This article has been cited by other articles in PMC. Due to deleterious side effects of pharmacology therapy in these people, there is an urgent need for clinical trials of non-pharmacological interventions. To examine the effect of therapeutic touch TT on the pain and fatigue of the cancer patients undergoing chemotherapy, a randomized and three-groups experimental study—experimental TTplacebo placebo TTand control usual care —was carried out. Ninety patients undergoing chemotherapy, exhibiting pain and fatigue of cancer, were randomized into one of the three groups in the Cancer Center of Imam Khomeini Hospital in Tehran, Iran.
In my capacity as a nursing student on a medical- surgical unit, I have noticed an increase in pain medication requests among patients with incision site pain and a minimal use of alternative therapies for this pain management.
With the use of therapeutic touch nurses can regain a closeness with patients and also have a direct effect on their pain level. Therefore the purpose of this study will be to determine if therapeutic touch is an effective intervention for patients experiencing surgical incision site pain within the first forty-eight hours after surgery.
The independent variable is therapeutic touch. The dependant variable is decreasing surgical site pain. The population to be studied will be patients on a thirty bed medical-surgical floor of a Lake Charles hospital. Fifty surgical patients will be studied over a four week period. The patients will be randomly selected to avoid any bias by the researcher.
The use Therapeutic Touch 2 of therapeutic touch is very important to the nursing community. Anxiety could be lessened to let patients rest more comfortably in the stressful hospital environment.
Also teaching could be enhanced in the less anxious and more pain free client. A client that is admitted to the hospital for surgery may not get all the rest needed for proper recovery and healing due to inadequate pain relief from pharmacologic interventions.
The need for more in depth research and application in the field of therapeutic touch as a nursing intervention is essential. In a study done by Nancy Ann Kramer, MSN, RN on therapeutic touch and casual touch stress reduction of hospitalized childrenher study supported the use of therapeutic touch.
The author states that more research may need to be done with a larger sample and a wider range of patient stressors to further support the use of therapeutic touch in a clinical setting.
She used a sample of thirty children ages two weeks to two years old. In the next study, done by Patricia R.
Clinical studies in therapeutic touch"she studied patients who wanted help with pain relief. Her main reason for this was to increase the "descriptive data on patient care" so further research could be done and therapeutic touch could be applied in nursing interventions.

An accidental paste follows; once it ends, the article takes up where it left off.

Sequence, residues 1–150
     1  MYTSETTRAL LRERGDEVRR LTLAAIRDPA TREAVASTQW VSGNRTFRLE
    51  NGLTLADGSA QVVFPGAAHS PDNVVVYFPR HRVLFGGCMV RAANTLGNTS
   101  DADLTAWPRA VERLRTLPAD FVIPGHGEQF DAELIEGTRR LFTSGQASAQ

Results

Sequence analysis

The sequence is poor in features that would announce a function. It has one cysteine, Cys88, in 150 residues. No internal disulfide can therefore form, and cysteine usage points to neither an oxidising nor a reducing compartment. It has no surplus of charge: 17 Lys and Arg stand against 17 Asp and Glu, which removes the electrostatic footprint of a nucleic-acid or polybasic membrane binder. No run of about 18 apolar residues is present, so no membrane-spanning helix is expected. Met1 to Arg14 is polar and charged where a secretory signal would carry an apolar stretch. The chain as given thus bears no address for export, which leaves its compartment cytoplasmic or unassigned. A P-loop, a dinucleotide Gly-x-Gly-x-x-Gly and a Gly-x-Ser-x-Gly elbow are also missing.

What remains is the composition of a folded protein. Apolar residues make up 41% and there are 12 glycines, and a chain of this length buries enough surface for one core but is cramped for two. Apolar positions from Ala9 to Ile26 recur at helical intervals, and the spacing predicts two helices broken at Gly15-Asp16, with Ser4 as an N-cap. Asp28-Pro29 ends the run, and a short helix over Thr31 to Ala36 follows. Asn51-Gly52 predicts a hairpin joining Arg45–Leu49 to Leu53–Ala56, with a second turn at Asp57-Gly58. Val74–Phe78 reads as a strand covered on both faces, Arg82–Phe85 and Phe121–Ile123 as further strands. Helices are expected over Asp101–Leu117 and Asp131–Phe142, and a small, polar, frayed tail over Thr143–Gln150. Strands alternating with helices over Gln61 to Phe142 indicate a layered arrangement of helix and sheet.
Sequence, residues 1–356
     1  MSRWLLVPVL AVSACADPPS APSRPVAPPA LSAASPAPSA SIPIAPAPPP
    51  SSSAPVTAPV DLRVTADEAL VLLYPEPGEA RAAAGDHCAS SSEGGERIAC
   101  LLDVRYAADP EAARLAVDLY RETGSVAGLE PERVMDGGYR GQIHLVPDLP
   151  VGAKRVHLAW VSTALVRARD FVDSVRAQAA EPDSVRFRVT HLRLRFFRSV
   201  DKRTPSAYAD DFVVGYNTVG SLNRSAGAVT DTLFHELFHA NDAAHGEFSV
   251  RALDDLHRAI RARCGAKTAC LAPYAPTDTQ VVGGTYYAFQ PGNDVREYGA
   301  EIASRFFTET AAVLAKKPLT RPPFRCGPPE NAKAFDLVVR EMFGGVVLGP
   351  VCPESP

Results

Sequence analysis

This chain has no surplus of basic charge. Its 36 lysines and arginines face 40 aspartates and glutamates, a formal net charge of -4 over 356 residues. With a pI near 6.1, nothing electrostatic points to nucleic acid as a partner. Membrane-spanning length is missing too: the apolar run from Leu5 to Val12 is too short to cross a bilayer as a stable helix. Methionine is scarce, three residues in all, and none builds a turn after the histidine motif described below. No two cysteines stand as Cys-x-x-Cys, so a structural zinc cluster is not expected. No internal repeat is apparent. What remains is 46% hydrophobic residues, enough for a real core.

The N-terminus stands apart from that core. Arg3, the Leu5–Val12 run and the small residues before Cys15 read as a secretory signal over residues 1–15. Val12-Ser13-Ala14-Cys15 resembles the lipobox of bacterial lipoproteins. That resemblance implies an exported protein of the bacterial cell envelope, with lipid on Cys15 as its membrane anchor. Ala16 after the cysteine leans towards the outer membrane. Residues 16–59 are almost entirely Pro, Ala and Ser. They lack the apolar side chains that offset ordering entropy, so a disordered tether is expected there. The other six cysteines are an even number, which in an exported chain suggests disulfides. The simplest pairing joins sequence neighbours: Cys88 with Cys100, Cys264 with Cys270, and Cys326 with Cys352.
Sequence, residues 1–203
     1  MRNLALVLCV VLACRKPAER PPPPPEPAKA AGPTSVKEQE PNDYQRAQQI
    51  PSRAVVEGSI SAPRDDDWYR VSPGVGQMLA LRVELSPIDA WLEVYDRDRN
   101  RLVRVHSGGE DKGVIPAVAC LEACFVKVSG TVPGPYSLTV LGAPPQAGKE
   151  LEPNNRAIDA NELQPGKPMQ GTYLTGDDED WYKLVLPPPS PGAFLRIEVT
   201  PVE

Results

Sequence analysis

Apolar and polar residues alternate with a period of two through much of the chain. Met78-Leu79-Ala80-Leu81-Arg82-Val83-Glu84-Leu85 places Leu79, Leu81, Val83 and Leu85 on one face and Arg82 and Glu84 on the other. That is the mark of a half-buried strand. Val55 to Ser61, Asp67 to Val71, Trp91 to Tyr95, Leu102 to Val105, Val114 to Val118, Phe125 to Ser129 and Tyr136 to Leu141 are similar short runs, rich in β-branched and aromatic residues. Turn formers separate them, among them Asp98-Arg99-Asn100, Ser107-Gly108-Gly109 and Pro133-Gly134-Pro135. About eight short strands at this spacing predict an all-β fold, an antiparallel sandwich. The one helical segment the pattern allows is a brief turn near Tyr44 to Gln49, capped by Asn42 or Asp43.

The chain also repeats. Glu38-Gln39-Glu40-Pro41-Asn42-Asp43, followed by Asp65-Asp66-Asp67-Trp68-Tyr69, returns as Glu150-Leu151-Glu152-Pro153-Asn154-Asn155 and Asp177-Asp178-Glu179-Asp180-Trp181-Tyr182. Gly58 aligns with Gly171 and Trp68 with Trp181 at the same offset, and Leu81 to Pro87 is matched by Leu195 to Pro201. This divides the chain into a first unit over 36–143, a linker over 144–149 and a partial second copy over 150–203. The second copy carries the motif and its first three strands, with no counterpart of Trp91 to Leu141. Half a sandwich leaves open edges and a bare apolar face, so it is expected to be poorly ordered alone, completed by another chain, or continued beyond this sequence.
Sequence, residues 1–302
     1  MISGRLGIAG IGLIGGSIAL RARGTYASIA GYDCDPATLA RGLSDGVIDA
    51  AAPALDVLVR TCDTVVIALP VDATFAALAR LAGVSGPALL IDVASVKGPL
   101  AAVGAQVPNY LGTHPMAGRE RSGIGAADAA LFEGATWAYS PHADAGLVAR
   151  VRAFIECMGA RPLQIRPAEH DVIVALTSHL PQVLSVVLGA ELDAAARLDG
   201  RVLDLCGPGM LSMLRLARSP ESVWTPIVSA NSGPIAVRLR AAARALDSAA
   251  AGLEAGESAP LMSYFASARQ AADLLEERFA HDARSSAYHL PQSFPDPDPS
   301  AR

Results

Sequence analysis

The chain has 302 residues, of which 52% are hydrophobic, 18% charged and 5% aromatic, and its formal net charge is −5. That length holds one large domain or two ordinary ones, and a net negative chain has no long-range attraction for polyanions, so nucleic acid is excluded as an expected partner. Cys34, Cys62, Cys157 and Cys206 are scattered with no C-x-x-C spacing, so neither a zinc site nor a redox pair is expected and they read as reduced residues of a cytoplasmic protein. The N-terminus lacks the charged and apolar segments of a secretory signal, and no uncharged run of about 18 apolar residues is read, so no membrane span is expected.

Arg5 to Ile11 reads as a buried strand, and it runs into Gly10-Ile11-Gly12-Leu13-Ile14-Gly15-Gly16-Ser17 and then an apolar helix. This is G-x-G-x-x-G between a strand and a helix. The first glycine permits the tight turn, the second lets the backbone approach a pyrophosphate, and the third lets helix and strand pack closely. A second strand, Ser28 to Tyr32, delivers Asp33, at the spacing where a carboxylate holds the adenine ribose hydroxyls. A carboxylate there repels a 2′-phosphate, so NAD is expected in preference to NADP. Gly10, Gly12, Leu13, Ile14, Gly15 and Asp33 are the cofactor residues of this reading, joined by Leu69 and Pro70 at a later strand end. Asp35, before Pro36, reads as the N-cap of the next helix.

The strength of this study came from its in depth look at two case studies and how the therapeutic touch was Therapeutic Touch 3 used on two specific patients. The case studies gave an in depth look at the patients history and treatment and out comes after therapeutic touch was used.
It also explained the settings and exactly what was done step-by-step through the therapeutic touch treatment by Heidt herself.
The weakness of this study was also its strength. It had a very narrow focus and was not applied to a large group. In a study, done by Janet F. Strelkauskas, PhD, named "Psychoimmunologic effects of therapeutic touch on practitioners and recently bereaved recipients: A pilot study"they wanted to identify the variations and "address conceptual inconsistencies The study was done with two therapeutic touch practitioners and four recently bereaved patients.
They wanted to determine if there was a correlation between who received the therapeutic touch and who applied the therapeutic touch.
Their study supported the use of therapeutic touch on practitioners and others who are bereaved and how therapeutic touch can increase white blood cell response. The weaknesses of this study were: The strength of this study flowed from its use of descriptive language and its ease of obtaining bereaved subjects for use in the study.
Bzdek they reviewed a sample of sixty volunteers from ages eighteen to fifty-nine that experience tension headaches. Their study supported the use of therapeutic touch in tension headache pain. They used a large sample population and various testing components for grading pain and relief of pain.
I find this to be the strength of this study.The Power of Touch Touch is the first sense we acquire and the secret weapon in many a successful relationship.
Here's how to regain fluency in your first language. On the Therapeutic Power of Writing Posted 09/25/17 by Tala Ciatti “C oming to terms with the reality of a situation doesn’t just mean you understand or accept it.
- The Power of Therapeutic Touch Derived from several ancient healing practices, therapeutic touch is based on the theory of human energy fields - every person has . In this essay, concept of therapeutic communication has been clearly discussed, that it is important in caring for patients in contemporary nursing practice.
By using therapeutic communication techniques to assist with relationship development this helps the nurse to focus on the patient's concerns. Feb 02, · To examine the effect of therapeutic touch (TT) on the pain and fatigue of the cancer patients undergoing chemotherapy, a randomized and three-groups experimental study—experimental (TT), placebo (placebo TT), and control (usual care)—was carried out.
Therapeutic Touch is a contemporary interpretation of several ancient laying-on-of-hands healing practices. Delores Krieger, PhD, RN, professor emeritus of Nursing at New York University, and Dora Kunz, a gifted energy healer, developed and standardized the technique in the s.